But here is the sting: whilst the majority of us want our lives to look and feel a certain way today, because the story we are given is that we inhabit a culturally advanced, socially civilised and morally structured space of reasons that makes this possible, the reality behind the story is somewhat different.

The reality is that the institutional corruption and sociocultural prejudices that tainted our past are still absolutely rife today, albeit appearing in a slightly more sophisticated guise, and with much wider ramifications for our everyday lives.

We may have become more sophisticated in our thinking, but our psychologies are integrated into today’s sociocultural conditions, in much the same way that the psychologies of generations before us were integrated into the conditions that prevailed during their time. And we also have the disadvantage of backward integration through being immersed in our respective generational traditions, with the symbols, stories and songs that keep them alive.

But whereas many of us have moved on in our attitudes and belief systems, and acknowledge that sectarianism is something that should belong firmly in the past, the brutal reality behind the story is that most of the same basic sociocultural ingredients still exist today that existed then.

Witness the wilful corruption, institutional prejudices and wholly immoral practices of certain journalists, politicians and bankers, for a start. And they are not alone in this respect. The elitist framework that furnishes and protects the lavish lifestyle of certain social groups is the very same framework that creates the context for many of our ugly sociocultural prejudices.

That is what we need to dismantle if we are serious about eradicating sectarianism for good. But that, unfortunately, is never going to happen, and that is why sectarianism remains an enduring problem today.

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The Despicable Art of the Politician

George Osborne suggested last year that there were only six weeks to save the Euro. You have to wonder what his motives were:


You have to wonder whether he was trying to make a subtle contribution to the pessimistic outlook attaching itself to the single currency, in order to hurry along a particular political agenda.

Particularly when both Osborne and Cameron recently criticised those who were guilty of open speculation about the Eurozone and its potential break up.


Politicians, intertwined with their media friends and public relations experts, are highly skilled at engineering situations that serve the ends of some of the world’s most powerful and wealthiest individuals. And that is quite sickening, but real.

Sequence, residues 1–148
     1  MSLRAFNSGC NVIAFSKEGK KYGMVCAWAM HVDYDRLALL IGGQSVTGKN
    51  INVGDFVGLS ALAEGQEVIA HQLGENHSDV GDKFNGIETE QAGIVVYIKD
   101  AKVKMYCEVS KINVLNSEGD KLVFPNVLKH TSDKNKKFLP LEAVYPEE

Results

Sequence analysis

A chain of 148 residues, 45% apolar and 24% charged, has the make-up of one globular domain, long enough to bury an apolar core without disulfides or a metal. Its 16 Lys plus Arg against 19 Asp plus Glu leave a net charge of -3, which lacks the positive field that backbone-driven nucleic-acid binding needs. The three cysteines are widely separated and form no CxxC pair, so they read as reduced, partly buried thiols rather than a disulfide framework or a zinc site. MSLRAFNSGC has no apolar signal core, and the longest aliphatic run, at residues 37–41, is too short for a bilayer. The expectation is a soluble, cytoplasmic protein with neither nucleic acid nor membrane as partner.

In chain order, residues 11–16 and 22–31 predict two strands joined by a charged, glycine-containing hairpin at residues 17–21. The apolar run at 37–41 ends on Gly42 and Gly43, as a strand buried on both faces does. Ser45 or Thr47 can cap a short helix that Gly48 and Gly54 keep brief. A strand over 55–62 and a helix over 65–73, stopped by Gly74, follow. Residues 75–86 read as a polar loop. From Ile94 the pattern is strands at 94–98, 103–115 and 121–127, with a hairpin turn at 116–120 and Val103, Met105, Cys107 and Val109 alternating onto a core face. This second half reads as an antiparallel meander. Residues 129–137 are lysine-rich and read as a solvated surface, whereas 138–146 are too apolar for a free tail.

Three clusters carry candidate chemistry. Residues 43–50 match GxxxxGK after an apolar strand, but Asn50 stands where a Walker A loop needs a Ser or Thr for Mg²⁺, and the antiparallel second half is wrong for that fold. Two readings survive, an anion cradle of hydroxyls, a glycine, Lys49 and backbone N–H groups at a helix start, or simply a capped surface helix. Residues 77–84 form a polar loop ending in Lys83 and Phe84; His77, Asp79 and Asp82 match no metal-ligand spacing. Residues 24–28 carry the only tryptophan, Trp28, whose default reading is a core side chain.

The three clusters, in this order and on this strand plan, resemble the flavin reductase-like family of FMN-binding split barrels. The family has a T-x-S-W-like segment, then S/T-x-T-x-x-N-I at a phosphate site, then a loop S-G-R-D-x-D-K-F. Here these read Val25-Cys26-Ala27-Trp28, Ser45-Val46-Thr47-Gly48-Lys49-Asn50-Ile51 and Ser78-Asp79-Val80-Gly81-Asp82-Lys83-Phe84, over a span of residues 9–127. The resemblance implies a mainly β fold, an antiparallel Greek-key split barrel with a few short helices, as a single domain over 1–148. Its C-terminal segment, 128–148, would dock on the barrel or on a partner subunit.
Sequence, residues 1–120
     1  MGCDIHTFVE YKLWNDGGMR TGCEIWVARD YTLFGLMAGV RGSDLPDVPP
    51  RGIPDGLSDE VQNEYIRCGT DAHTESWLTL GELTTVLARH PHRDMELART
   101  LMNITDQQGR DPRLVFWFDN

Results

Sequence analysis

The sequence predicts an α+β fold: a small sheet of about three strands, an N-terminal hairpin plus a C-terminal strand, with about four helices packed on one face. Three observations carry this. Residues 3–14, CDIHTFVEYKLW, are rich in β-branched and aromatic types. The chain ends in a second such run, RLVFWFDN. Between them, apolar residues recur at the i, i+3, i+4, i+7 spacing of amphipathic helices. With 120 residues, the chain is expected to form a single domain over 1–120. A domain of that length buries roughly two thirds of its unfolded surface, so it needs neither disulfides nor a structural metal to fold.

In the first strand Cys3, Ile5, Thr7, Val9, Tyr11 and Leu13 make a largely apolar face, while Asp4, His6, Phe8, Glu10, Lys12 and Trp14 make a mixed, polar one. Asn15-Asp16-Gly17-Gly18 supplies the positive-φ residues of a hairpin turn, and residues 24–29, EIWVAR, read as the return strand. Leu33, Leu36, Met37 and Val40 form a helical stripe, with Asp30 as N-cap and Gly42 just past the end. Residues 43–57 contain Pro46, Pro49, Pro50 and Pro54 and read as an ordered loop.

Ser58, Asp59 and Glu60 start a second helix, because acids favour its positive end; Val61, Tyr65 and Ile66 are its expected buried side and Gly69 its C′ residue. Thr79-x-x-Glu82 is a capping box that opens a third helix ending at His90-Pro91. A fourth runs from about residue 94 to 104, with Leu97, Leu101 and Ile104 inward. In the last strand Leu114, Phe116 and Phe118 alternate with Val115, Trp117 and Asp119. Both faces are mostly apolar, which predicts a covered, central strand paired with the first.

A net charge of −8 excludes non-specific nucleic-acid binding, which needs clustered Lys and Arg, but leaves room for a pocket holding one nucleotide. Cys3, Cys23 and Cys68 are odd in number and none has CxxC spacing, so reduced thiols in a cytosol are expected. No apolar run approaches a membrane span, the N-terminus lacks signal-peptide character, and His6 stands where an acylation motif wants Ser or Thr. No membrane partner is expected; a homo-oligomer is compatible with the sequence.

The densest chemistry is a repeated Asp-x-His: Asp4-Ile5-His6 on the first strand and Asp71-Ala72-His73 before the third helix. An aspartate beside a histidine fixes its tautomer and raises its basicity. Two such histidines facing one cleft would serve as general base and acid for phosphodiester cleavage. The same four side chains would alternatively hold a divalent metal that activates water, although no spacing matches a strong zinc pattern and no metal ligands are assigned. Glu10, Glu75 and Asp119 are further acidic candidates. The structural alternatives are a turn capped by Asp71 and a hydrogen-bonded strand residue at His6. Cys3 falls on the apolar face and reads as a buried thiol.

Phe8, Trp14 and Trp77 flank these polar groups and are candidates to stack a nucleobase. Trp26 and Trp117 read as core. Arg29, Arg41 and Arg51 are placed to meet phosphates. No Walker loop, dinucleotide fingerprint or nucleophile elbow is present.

It makes you cynical. It makes you question the underlying motives of politicians – the democratically elected puppets who pretend to be there to serve us, whilst their strings are being pulled by others behind the scene.

Thinking about the Eurozone crisis, you begin to wonder whether the countries that would have been damaged most by its break-up – UK, USA, Germany and others – understood that the only permanent solution, and one which would have benefitted their own economies anyway, would have been greater fiscal and political union.

A highly contentious issue for many countries and probably not wanted. But to plant the seed that there were only weeks to save the Euro, and indulge in the open speculation that they subsequently criticised, suggests that, for whatever reason, political union was perhaps the underlying motive.

After all, the ratings agencies, the men in dark suits, who ultimately control the interest rates that countries are required to pay on their debts, are perfectly positioned to nudge the figures up or down to engineer a crisis in the sovereign bond markets.

Given everything we know about politics, power and corruption, how easy would it be to create the perfect storm? How easy would it be to create the conditions which would either lead to global economic disaster – which nobody in their right mind would opt for – or a new political arrangement heralded as solving the crisis, but which actually served the elite particularly well?

Only a few well positioned individuals ever stand to gain from the political manoeuvring that takes place behind the scenes. We watch the pantomime play out in front of us. We get drawn into it. We live it. We cheer when we see the ‘hero’ triumph, and we boo when the ‘villain’ of the piece turns up.

And when things look like they are taking a dip, when our enthusiasm falters, there is always a large event of national importance conjured up to get everyone back on side. It is just like freshening up the cardboard scenery on the stage.

The pantomime is played out by very clever actors, masters in the art of deflection and distraction. We are all trained to clap and boo in unison, it is programmed into us – we are all in this together, after all.

And in politics, the villain of the piece is very rarely the character we are encouraged to boo with theatrical gusto. We are just made to think that way because it suits the underlying plot.

It is the despicable art of the politician, honed through years of working the circuit, playing the game and taking the standing ovation when it all appears to come together in the end.